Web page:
SQL Server Performance

SQL Server 2005 - tempdb and Temporary Tables

Discussion in 'Getting Started' started by lcerni, Jan 14, 2009.

  1. lcerni New Member

    I am working in SQL Server 2005 SP2.
    I have tried deleting these temporary tables from tempdb but cannot. I do not know if the front end application is creating them or if developers are and they are forgetting to delete them at the end. The only way to eliminate them is by rebooting the server. Is there another way? “DROP TABLE dbo.#1088713C” does not work.
    I get the error message
    “Msg 3701, Level 11, State 5, Line 1
    Cannot drop the table '#1088713C', because it does not exist or you do not have permission.”. I have tried to copy and paste a picture but I could not so I have typed the directory structure below to give you an idea of what I am talking about.System Databases
    Temporary Tables
  2. ndinakar Member

    Run a server side trace (or profiler) and filter by tempdb and see who is creating them. Kill them at the source.
  3. satya Moderator

    Do you really have a space problem on the disk where TEMPDB is located?
    If not simply advice to the developers and the users who has such permissions to create, to explain the process to drop the temp. objects when the process is finished. If no avail then simply takeout the permissions.
  4. lcerni New Member

    No, we don't have a space issue. We have tempdb on its own drive with 272GB. I am just trying to manage the size. I have an alert that goes off when the data file grows larger than 700MB. I tried in SQL Server 2005 to shrink the database and I could not. In SQL Server 2000 when this happens I have no issues shrinking the database.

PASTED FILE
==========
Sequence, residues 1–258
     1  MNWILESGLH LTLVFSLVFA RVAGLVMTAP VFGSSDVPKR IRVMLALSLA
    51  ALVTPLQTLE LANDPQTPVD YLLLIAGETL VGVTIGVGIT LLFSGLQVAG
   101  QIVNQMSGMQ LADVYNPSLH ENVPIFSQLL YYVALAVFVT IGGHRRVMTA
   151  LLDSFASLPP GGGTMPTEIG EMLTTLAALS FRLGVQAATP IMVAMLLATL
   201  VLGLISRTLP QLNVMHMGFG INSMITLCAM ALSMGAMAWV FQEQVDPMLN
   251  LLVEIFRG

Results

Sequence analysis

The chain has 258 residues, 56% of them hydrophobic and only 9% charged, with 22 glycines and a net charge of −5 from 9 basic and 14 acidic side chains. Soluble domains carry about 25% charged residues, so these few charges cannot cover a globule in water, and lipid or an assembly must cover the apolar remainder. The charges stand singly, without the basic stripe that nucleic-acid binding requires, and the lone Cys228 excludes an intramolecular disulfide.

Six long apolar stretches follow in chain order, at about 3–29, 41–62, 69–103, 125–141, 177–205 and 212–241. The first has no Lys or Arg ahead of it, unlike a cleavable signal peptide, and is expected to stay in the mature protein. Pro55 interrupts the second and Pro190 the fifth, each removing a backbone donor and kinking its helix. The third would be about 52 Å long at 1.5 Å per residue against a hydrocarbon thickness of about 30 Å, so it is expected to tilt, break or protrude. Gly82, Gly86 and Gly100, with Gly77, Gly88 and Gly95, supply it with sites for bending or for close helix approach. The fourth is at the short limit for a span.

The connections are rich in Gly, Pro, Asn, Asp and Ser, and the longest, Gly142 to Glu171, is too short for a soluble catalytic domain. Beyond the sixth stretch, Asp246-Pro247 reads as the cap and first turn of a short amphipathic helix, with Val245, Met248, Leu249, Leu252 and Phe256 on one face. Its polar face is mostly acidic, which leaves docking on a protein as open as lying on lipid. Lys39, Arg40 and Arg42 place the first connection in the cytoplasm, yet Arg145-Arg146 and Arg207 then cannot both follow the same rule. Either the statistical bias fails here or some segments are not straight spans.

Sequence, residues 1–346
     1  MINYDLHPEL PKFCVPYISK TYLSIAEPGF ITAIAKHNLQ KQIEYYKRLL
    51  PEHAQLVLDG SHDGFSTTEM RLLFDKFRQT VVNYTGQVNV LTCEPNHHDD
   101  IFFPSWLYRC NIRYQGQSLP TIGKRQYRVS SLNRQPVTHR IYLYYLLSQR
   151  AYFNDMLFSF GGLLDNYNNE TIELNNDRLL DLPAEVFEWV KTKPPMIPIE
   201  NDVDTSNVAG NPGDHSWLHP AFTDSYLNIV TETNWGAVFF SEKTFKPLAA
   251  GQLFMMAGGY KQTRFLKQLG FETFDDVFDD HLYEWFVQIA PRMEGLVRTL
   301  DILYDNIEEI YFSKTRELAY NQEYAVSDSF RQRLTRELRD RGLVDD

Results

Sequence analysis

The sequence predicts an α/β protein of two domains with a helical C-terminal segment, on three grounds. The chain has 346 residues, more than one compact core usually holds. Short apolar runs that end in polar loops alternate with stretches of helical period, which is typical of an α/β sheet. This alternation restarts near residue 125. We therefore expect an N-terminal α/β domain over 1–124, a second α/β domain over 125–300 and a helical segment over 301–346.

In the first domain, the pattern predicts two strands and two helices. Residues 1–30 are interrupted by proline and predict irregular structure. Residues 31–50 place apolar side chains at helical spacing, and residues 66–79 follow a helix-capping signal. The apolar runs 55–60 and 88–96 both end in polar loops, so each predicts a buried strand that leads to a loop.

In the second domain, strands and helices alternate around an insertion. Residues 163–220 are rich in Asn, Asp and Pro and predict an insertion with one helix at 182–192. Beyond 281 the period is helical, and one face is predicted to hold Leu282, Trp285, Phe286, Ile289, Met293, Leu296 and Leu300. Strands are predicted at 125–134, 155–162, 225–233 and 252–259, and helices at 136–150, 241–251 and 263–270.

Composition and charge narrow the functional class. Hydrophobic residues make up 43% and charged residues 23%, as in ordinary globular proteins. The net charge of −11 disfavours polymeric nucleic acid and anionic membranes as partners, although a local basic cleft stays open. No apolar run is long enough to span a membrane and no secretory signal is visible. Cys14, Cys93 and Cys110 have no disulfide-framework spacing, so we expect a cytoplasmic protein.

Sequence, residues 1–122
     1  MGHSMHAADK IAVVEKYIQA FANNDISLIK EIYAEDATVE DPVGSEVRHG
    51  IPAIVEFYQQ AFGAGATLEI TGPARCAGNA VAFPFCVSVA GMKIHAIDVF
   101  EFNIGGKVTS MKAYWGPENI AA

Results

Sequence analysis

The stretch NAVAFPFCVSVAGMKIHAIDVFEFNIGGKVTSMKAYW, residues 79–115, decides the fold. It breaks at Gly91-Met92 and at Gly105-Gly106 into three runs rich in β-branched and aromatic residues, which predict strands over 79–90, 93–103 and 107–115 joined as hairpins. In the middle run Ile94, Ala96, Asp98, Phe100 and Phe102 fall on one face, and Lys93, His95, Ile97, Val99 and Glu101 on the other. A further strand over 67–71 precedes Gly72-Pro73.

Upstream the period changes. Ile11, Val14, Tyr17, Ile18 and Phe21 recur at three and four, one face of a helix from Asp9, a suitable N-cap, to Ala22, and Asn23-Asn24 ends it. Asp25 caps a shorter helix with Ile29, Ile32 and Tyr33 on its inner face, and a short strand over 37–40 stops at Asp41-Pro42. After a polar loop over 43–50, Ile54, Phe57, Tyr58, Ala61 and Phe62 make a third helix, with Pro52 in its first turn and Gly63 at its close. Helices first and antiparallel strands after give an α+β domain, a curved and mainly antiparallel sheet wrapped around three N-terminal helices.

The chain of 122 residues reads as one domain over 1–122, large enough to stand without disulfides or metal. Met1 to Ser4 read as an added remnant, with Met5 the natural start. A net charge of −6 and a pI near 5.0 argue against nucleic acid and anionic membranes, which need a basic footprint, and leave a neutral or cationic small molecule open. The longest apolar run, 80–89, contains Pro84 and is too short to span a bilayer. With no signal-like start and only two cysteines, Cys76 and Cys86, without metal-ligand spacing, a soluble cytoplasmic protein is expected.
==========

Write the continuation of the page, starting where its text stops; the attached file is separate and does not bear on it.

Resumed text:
5. satya Moderator

  6. drmccue New Member

    I'm piggy-backing on this topic because I think what I'm observing is related to the original post.
    I'm a developer on a product that stores its data in SQL Server. Recently a customer asked us about temporary tables that he insisted we were creating and leaving behind in tempdb. The customer claims that tempdb is growing to 16 GB a night, and the only way to free up the space is to stop and start the SQL Server service. I assured one of our tech support personnel that our temp tables are created in stored procedures, so when the stored procedures go out of scope, the temp tables lose their context and SQL Server removes them.
    However, the tech support person reproduced the problem. So then I attempted to reproduce the problem. Sure enough, all it took was a login to our application to produce anywhere from 1 to 3 temp tables in tempdb, and they all had these 8-character hex code names, just like the original poster described in this post.
    I went through our stored procedure code and found no ##tables (global temp tables), so I knew these couldn't be that type of temp table. Eventually I used SQL Server Profiler to track all stored procedures called during our login process. After stepping through, I found the one that was creating these temp tables. This particular stored procedure was a wrapper to a user-defined function which returns a table (also referred to as a table-valued function).
    Further investigation on the Internet has revealed to me that in SQL Server 2005, tempdb is now "responsible for" table-valued functions. After querying INFORMATION_SCHEMA.TABLES and INFORMATION_SCHEMA.COLUMNS, I learned that these tables in tempdb, which our product did not explicitly create, are being implicitly created as a result of a call to a table-valued function. I also learned that the information returned by these table-valued functions is cached -- it appears to me that the caching is taking place in tempdb and the cache is never being freed until the server is stopped and restarted.